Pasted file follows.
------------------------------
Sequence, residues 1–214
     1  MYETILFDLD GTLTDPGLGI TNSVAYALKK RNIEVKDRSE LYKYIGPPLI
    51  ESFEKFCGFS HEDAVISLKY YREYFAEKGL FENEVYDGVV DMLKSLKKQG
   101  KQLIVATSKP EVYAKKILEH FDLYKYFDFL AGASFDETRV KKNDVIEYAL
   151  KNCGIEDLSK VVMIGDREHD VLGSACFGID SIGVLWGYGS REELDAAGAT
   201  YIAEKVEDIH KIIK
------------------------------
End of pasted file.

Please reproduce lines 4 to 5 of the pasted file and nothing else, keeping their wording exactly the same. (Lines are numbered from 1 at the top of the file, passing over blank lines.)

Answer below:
   101  KQLIVATSKP EVYAKKILEH FDLYKYFDFL AGASFDETRV KKNDVIEYAL
   151  KNCGIEDLSK VVMIGDREHD VLGSACFGID SIGVLWGYGS REELDAAGAT